Behind every good kid is a mom who’s pretty sure she’s screwing it all up.
I saw the meme on a friend’s Facebook page, and my first thought was, “Man, if that’s true, then my kids are gonna turn out awesome, because I am completely failing at this parenting thing.” What is it about raising kids that makes me so vulnerable, so self-conscious, so quick to believe I’m failing? I worry that I’m letting my kids have too much processed food, that I’m disciplining them wrong, that I let them have too much screen time, that I don’t assign enough chores, that I yell too much, that I don’t spend enough quality time with them, that I…The list goes on and on. Well-meaning parenting books often make me feel guilty or cause minor panic that I’m already messing up my kids by doing things wrong. And I know I’m not alone in this fear.
There seems to be a general sense that the current generation of parents in America is failing their children. We aren’t preparing our kids for adulthood or teaching them the life and social skills they need to know. Kids are in something of a crisis, growing up not knowing how to be grown up. And let’s face it—that’s a valid concern.
Raising kids in modern society presents unique challenges that are daunting to many parents. In a consumer society with media available 24/7, how are parents supposed to teach their kids to grow up to be self-sufficient, contributing members of society? Kids up to age 8 spend spend an average of 2 hours and 19 minutes every day on screen media, while kids 8 to 12 average 4 hours and 36 minutes every day for the year 2017, according to a CNN report, How does your child’s screen time measure up? Considering the 8-12 year olds are probably in school 7 hours a day and sleep 8-10 hours a day, that means the average child spends over half of his free time looking at a screen. How are kids who grow up staring at a screen supposed to learn to think for themselves or develop a good work ethic? When these kids enter the workforce, what will happen? It’s a sobering thought. So are parents who allow that amount of screen time failing their kids? In one sense, maybe. Those kids might grow up not knowing how to put in a good day’s work or how to interact well with other people. In a human sense, maybe those parents “failed” to raise a responsible adult. But there’s a far more critical way many parents are failing their children; one that is often overlooked.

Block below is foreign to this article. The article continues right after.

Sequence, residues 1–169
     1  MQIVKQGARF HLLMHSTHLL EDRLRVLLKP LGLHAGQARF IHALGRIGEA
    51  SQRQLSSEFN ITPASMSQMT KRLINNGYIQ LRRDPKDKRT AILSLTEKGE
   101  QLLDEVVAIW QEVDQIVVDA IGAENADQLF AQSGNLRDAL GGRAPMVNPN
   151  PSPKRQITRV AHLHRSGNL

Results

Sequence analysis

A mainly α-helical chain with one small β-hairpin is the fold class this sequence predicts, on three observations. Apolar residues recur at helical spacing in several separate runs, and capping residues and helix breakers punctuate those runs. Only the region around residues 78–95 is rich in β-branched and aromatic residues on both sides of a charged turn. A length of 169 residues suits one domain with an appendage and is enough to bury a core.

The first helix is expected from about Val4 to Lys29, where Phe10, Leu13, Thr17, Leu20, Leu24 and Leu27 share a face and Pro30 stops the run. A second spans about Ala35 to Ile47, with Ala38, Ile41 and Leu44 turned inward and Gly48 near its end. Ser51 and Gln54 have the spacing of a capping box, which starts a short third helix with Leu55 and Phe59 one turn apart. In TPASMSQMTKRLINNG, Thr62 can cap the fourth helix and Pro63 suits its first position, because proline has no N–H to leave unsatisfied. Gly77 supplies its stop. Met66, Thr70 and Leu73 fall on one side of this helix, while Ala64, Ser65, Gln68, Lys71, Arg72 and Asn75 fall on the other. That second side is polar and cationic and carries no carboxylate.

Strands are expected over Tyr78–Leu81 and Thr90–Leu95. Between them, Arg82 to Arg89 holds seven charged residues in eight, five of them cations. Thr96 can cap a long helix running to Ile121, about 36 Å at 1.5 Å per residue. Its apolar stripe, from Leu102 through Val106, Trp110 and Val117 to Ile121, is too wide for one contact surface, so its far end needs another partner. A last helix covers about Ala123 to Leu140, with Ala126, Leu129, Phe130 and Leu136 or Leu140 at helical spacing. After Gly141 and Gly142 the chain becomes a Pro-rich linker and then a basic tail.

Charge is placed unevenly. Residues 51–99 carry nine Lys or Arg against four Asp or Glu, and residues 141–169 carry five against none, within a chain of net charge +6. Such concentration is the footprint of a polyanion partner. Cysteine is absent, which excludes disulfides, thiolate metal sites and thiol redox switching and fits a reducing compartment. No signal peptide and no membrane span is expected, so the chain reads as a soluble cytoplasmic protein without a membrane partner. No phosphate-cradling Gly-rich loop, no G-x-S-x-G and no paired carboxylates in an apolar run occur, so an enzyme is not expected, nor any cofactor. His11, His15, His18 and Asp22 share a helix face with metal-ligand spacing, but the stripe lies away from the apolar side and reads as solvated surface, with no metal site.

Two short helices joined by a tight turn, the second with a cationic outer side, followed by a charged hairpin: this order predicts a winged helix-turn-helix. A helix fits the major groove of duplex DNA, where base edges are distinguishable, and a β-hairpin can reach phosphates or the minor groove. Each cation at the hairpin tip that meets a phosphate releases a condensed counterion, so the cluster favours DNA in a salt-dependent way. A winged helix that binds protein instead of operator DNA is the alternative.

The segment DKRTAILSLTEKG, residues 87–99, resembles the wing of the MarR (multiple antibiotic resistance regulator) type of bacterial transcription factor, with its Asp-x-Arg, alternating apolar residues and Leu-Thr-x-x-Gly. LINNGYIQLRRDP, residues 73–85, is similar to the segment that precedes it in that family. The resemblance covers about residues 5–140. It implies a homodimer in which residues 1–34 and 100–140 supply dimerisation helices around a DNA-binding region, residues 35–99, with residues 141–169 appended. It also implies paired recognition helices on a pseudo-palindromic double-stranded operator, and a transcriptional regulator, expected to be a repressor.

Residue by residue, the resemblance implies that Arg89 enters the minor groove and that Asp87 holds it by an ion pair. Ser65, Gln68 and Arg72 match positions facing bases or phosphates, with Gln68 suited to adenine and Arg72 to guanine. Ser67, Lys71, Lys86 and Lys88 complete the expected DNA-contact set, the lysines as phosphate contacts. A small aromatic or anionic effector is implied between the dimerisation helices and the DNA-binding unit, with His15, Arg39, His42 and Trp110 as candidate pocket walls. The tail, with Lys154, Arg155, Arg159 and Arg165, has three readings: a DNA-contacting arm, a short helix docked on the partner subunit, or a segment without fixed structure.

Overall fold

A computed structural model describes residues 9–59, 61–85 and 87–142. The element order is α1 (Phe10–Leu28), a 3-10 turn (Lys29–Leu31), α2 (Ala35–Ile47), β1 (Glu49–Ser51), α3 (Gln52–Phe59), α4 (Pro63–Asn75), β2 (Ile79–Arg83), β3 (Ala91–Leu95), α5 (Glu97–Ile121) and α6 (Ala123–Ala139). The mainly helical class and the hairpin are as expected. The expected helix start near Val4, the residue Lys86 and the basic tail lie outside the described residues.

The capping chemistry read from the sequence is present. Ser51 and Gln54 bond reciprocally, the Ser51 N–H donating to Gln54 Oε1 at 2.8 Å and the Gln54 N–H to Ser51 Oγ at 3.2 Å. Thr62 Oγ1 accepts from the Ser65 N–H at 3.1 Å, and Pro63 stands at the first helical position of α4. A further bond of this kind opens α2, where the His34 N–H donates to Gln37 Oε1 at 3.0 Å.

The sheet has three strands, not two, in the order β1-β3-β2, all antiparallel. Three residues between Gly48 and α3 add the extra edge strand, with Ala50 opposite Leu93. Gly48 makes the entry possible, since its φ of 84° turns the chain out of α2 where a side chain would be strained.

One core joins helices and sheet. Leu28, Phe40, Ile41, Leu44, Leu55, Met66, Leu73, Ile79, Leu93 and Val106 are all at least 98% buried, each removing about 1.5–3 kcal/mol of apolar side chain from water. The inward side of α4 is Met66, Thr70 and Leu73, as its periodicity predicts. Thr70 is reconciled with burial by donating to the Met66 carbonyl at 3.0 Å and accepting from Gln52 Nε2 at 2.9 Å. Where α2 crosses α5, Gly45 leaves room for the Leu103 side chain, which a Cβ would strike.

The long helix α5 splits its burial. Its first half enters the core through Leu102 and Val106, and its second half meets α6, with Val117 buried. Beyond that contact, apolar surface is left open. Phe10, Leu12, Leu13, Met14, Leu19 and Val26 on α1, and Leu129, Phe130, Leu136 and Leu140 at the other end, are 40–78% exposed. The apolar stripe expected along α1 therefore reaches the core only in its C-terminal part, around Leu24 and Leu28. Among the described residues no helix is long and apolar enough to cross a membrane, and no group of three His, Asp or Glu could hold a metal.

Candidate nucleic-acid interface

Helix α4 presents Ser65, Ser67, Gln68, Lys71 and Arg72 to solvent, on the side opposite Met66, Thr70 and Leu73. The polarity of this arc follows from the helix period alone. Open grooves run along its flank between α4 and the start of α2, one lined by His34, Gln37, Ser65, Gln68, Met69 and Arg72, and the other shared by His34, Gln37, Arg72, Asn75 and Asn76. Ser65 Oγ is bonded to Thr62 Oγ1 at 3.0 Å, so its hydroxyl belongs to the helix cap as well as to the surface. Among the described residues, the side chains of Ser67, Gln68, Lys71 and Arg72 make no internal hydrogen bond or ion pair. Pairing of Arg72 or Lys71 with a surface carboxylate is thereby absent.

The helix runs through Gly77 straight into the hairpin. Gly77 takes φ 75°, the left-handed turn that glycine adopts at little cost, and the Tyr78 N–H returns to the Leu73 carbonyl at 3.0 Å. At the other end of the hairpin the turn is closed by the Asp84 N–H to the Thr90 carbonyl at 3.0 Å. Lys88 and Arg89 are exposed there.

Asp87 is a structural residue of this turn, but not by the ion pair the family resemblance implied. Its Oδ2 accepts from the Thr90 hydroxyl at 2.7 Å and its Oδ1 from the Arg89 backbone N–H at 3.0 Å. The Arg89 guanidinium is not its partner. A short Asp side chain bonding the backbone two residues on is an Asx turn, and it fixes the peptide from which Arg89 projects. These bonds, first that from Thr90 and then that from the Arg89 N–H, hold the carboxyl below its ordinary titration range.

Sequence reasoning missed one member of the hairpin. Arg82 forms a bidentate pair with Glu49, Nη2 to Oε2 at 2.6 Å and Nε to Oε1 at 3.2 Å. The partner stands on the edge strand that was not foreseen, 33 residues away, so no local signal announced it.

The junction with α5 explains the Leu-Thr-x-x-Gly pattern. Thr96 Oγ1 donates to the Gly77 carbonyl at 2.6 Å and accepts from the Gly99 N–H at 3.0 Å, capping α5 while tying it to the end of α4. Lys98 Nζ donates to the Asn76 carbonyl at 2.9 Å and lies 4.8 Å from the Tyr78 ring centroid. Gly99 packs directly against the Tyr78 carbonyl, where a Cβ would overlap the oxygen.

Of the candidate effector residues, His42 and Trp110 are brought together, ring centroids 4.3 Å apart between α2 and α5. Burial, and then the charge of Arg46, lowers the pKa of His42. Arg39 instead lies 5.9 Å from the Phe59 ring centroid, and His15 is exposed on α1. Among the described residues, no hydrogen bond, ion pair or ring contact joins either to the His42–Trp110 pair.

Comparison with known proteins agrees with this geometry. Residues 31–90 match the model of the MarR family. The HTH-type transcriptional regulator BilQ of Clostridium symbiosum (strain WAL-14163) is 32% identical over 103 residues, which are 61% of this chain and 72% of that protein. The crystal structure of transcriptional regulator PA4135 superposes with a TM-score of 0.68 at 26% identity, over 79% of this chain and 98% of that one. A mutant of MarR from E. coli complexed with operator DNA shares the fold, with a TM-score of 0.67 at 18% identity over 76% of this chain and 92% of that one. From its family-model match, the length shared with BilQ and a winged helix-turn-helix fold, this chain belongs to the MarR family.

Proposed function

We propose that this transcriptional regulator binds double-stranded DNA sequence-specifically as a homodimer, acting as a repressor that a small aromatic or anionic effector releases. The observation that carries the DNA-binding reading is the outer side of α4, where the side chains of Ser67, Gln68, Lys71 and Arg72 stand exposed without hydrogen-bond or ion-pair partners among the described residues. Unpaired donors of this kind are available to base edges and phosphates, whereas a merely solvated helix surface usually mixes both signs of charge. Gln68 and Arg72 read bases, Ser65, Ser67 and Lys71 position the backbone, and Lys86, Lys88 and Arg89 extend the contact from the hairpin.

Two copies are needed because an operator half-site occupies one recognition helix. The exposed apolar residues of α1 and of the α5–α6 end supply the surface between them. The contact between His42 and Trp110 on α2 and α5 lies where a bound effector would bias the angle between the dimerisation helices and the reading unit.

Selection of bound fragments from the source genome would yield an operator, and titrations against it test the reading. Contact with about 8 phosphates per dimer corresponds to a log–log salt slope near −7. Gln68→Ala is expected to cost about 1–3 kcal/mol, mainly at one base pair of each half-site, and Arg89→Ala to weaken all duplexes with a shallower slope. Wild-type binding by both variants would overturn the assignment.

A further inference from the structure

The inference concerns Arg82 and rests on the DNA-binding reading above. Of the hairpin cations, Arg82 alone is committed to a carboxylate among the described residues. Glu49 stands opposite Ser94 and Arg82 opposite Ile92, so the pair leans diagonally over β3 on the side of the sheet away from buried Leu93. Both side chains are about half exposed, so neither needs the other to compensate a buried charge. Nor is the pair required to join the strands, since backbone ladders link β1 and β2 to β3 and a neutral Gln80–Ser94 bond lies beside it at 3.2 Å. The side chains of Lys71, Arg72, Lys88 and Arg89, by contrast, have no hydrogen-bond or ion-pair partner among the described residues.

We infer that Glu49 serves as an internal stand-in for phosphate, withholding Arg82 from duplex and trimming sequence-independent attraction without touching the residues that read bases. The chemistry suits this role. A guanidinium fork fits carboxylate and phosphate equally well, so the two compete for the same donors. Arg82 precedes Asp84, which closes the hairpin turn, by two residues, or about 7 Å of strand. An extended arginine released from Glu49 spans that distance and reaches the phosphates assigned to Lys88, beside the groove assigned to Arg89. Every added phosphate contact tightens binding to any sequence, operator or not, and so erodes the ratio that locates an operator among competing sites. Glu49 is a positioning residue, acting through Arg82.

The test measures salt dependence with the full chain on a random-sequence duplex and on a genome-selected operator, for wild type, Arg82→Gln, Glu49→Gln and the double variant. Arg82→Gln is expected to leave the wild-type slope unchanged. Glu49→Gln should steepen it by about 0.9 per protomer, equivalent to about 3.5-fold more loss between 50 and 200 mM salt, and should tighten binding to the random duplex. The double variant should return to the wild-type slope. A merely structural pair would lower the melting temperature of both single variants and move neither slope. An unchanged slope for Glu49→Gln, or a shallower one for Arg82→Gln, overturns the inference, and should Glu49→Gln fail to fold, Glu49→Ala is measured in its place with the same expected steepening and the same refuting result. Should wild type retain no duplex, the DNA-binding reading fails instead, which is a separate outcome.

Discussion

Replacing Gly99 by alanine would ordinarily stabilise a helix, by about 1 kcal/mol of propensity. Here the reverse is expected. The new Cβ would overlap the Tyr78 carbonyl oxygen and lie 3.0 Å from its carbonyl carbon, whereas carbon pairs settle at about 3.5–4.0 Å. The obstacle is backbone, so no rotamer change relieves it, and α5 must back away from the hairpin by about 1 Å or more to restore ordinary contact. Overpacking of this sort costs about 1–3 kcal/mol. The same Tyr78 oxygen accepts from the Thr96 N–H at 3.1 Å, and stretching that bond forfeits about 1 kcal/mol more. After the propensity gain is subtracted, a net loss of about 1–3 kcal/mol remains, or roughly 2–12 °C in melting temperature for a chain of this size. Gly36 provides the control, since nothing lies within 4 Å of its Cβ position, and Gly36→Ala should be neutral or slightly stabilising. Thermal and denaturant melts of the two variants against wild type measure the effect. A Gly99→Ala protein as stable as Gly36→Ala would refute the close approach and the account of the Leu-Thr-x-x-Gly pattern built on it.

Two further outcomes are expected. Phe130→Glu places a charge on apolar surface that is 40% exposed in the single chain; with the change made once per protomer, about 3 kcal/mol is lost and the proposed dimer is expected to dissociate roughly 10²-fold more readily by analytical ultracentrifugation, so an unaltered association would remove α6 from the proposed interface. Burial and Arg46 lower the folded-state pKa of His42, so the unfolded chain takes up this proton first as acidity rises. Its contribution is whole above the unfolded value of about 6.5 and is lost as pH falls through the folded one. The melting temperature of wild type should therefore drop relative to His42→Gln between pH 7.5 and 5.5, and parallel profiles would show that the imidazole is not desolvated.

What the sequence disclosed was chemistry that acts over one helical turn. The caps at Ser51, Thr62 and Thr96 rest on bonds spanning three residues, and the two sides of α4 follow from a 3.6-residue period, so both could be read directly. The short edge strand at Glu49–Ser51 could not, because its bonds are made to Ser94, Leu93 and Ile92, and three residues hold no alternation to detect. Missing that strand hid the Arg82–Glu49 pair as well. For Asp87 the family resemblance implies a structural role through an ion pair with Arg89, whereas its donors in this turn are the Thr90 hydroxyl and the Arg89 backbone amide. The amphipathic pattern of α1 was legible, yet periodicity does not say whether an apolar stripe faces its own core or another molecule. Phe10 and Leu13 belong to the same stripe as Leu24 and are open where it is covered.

Ultimately, the parent who is failing his children is the one who fails to bring those children up in the Christian faith. Spoiled children who grow up into irresponsible and entitled adults is a shame. But children who grow up without knowing their Savior is a tragedy. Parents who call themselves Christian and yet neglect to teach their children about Jesus are truly failing their children in the only area that matters. Ephesians 6:4 instructs, “Fathers, do not provoke your children to anger, but bring them up in the discipline and instruction of the Lord.” And there you have it: God’s parenting manual. Discipline and instruct. Law and Gospel—show them their sin, and then show them their Savior. That’s God’s design for parenting. He wants parents to pass on the faith to the next generation. “One generation shall commend your works to another, and shall declare your mighty acts,” Psalm 145:4 says.
So are you passing on your faith to the next generation? Are you teaching your kids about Jesus? If you are, then rest assured that you are not failing them. You aren’t a perfect parent, but you are preparing your children for eternity with their Savior.
But perhaps you’re reading this with a twinge of guilt. Maybe you’ve fallen out of the habit of taking your kids to church or praying with them or teaching them Bible stories. Maybe life has gotten so hectic that religion has been put on the back burner. If that’s you, don’t despair. It’s not too late. Prayerfully examine where you need to make some changes, and then ask God for help to make those changes.
Okay, so maybe my kids do eat too much processed food. Maybe I’m not disciplining them well enough. Maybe I don’t monitor their screen time as well as I should. But you know what? They are secure in the knowledge of their Savior. They will be with me in heaven one day. And who knows? They might even grow up to be responsible adults in the meantime.